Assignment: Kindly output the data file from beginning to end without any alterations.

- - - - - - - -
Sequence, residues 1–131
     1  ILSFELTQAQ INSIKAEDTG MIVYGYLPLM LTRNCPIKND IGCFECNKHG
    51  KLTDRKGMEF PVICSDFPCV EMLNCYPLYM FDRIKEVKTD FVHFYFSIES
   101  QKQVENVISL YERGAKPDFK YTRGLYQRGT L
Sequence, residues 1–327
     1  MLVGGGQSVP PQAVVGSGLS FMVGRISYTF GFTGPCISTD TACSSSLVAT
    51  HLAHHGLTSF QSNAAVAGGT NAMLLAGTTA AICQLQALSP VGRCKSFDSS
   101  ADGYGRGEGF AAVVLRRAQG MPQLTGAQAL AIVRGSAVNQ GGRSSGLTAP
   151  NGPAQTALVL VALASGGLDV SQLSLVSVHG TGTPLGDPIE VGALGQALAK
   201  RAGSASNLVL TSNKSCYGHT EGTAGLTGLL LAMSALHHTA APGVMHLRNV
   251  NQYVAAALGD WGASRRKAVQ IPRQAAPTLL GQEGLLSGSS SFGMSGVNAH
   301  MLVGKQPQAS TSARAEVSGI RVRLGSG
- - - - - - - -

Sequence, residues 1–131
     1  ILSFELTQAQ INSIKAEDTG MIVYGYLPLM LTRNCPIKND IGCFECNKHG
    51  KLTDRKGMEF PVICSDFPCV EMLNCYPLYM FDRIKEVKTD FVHFYFSIES
   101  QKQVENVISL YERGAKPDFK YTRGLYQRGT L
Sequence, residues 1–327
     1  MLVGGGQSVP PQAVVGSGLS FMVGRISYTF GFTGPCISTD TACSSSLVAT
    51  HLAHHGLTSF QSNAAVAGGT NAMLLAGTTA AICQLQALSP VGRCKSFDSS
   101  ADGYGRGEGF AAVVLRRAQG MPQLTGAQAL AIVRGSAVNQ GGRSSGLTAP
   151  NGPAQTALVL VALASGGLDV SQLSLVSVHG TGTPLGDPIE VGALGQALAK
   201  RAGSASNLVL TSNKSCYGHT EGTAGLTGLL LAMSALHHTA APGVMHLRNV
   251  NQYVAAALGD WGASRRKAVQ IPRQAAPTLL GQEGLLSGSS SFGMSGVNAH
   301  MLVGKQPQAS TSARAEVSGI RVRLGSG